Bruce is grateful to the people who have helped him through his long healing process. “Everybody at the wound center has been great,” he says. “They’re up on the latest things to heal wounds. I’ve built up a good relationship with the nurses, front desk people and Dr. Cohen.”
His wife, Brenda, has tirelessly helped and supported him. “She’s been through a lot to help me get to where I need to be,” he says. “I couldn’t do this without her.”
Dr. Cohen cautions that Bruce’s foot deformity could cause additional problems down the road, but Bruce isn’t taking his eye off the goal of getting back on the golf course and walking along the beach on South Carolina’s Kiawah Island.
The Value of Prompt, Expert Wound Care
“The time it takes a wound to heal is greatly affected by how quickly the wound is treated,” says Community Educator Quincy. “We want to see people within 30 days of a wound developing to prevent infection, provide care and restore quality of life.”
Quincy says foot wounds in people with diabetes can be particularly difficult, because they often develop neuropathy – a loss of sensation – in their feet. He notes that 85 percent of diabetes-related amputations follow a foot ulceration. Half of those with an ulceration on one foot develop a wound on the other foot within 18 months.
With prompt care at the wound centers, Quincy is convinced amputation numbers can be greatly decreased. Treatment options for diabetic foot ulcers at the wound centers include:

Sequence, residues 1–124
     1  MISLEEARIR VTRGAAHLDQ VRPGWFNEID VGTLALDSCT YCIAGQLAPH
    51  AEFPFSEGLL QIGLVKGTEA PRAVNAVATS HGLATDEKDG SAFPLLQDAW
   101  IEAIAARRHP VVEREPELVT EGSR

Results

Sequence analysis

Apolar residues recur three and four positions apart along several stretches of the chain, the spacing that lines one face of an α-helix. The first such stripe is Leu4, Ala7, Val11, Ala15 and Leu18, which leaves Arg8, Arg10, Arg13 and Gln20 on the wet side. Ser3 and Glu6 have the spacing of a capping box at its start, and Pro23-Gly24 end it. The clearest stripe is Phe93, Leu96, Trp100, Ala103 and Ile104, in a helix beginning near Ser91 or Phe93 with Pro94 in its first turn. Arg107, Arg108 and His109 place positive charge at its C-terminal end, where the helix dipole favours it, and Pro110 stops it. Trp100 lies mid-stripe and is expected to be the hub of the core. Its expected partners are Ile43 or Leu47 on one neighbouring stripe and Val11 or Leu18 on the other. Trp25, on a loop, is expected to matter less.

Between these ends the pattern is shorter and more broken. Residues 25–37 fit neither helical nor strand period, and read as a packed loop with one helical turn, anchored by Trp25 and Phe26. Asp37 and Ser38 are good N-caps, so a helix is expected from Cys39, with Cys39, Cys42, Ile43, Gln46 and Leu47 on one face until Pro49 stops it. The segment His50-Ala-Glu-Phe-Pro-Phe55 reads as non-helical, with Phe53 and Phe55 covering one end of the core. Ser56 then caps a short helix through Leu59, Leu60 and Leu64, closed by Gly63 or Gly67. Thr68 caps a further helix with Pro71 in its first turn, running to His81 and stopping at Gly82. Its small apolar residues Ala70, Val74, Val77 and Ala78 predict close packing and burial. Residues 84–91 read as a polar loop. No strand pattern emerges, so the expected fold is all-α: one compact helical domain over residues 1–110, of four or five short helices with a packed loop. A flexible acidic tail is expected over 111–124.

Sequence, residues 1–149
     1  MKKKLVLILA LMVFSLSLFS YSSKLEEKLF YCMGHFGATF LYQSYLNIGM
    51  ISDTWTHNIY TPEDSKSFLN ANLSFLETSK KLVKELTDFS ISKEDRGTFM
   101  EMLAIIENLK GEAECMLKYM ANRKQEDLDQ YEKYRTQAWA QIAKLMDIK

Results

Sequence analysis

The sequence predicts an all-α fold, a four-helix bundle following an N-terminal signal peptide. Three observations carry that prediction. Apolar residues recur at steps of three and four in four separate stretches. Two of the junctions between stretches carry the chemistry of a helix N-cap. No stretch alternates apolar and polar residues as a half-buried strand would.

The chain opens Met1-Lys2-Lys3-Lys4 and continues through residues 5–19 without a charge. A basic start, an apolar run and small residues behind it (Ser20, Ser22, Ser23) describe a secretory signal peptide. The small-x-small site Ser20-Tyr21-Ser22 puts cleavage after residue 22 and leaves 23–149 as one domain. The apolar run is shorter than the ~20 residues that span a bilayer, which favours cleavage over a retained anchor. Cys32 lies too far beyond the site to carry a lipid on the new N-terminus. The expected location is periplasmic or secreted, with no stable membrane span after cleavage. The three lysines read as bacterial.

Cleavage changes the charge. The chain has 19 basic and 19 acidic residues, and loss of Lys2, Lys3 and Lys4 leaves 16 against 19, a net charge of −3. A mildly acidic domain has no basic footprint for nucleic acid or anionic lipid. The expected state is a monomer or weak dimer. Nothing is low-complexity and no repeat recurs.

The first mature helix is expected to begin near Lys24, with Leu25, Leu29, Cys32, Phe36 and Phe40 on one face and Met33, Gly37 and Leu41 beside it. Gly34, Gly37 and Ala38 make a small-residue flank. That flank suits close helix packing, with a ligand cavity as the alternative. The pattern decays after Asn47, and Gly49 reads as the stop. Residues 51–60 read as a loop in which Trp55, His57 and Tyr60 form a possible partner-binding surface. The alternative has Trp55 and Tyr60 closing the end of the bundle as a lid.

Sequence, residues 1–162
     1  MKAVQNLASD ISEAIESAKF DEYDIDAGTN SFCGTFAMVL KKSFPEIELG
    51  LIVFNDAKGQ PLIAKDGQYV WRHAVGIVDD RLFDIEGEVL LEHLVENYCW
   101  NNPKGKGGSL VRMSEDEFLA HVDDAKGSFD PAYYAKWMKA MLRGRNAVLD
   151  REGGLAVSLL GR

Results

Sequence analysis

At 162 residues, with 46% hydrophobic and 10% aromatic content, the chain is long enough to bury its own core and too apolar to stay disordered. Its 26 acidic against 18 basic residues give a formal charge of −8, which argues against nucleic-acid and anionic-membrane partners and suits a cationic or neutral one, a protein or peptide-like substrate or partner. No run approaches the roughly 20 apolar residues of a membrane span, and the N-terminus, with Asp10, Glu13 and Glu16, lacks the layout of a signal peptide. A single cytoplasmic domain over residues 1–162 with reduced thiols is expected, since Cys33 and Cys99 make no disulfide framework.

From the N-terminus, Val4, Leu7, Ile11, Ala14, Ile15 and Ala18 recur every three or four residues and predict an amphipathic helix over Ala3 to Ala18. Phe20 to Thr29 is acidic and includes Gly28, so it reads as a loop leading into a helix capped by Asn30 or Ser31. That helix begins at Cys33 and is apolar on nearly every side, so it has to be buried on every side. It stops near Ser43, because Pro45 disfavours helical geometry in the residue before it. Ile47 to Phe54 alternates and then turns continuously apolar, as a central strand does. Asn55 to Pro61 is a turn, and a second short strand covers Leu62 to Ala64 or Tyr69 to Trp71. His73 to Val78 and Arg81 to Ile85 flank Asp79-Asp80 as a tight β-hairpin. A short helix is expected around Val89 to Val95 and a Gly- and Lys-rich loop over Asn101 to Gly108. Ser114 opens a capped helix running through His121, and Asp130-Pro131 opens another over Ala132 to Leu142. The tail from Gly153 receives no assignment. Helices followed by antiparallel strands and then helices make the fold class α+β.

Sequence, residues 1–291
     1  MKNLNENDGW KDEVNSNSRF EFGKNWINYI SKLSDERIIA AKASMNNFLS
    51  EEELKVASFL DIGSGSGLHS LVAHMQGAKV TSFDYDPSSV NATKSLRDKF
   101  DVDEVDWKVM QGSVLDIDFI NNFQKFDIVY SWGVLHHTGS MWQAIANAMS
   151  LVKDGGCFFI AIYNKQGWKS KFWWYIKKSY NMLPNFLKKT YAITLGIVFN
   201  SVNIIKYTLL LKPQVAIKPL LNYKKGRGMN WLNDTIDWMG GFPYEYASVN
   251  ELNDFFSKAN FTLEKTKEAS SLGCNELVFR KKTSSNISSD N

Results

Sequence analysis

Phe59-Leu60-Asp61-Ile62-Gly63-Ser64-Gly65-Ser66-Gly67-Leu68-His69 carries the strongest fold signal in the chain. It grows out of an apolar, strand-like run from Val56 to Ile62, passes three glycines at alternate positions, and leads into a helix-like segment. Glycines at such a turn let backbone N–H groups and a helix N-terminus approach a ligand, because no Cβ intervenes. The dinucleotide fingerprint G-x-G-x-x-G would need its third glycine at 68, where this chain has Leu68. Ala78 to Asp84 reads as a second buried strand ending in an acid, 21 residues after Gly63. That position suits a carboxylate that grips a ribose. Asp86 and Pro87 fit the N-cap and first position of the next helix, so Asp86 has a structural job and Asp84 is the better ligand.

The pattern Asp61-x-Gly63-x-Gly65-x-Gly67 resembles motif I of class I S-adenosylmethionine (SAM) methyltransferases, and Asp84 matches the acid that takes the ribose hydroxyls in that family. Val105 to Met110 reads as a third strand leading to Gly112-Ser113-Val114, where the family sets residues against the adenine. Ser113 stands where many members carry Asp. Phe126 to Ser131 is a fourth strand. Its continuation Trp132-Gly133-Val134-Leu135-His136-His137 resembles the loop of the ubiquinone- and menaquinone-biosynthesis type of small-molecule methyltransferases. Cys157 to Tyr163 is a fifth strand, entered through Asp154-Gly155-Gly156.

- A total contact cast that keeps contact away from the wound
- Debriding, or cutting away dead tissue, to create blood flow to the wound
- Bioengineered skin substitutes to allow the body to regenerate its own skin
- Hyperbaric oxygen therapy
Quincy concludes, “At TriHealth Advanced Wound Healing Centers at Bethesda North and Good Samaritan hospitals, amputation prevention is our mission, and wound healing helps us achieve that.”
For more information, call the Bethesda North Hospital wound center at 513 865 5050 or Good Samaritan wound center at 513 862 5050.
Tips to Take Care of Your Feet
If you have diabetes, our wound healing team recommends the following foot care practices to keep your feet healthy. Community Educator Todd Quincy notes, “The importance of doing this has exponentially increased due to COVID-19.”
- Check your feet daily for red spots, cuts, swelling, blisters, sores or other injuries. Use a hand mirror to help you see the bottoms of your feet.
- Wash your feet every day and dry them with care, especially between the toes.
- Trim your toenails as needed after you’ve washed and dried your feet.
- Use moisturizing lotion if your feet are dry and cracking (but don’t use it between your toes).
- Wear properly fitting shoes that do not rub or pinch your feet.
- Ensure nothing has fallen into your shoes, such as a small toy or earring.
- Always wear socks or stockings with your shoes, and never walk barefoot or while wearing just socks.
- Physical activity can help increase circulation in your feet. Consult your healthcare team to see which physical activity is right for you.
- Take off your socks at your next check-up, and alert your doctor to any problems with your feet.
Last Updated: April 10, 2020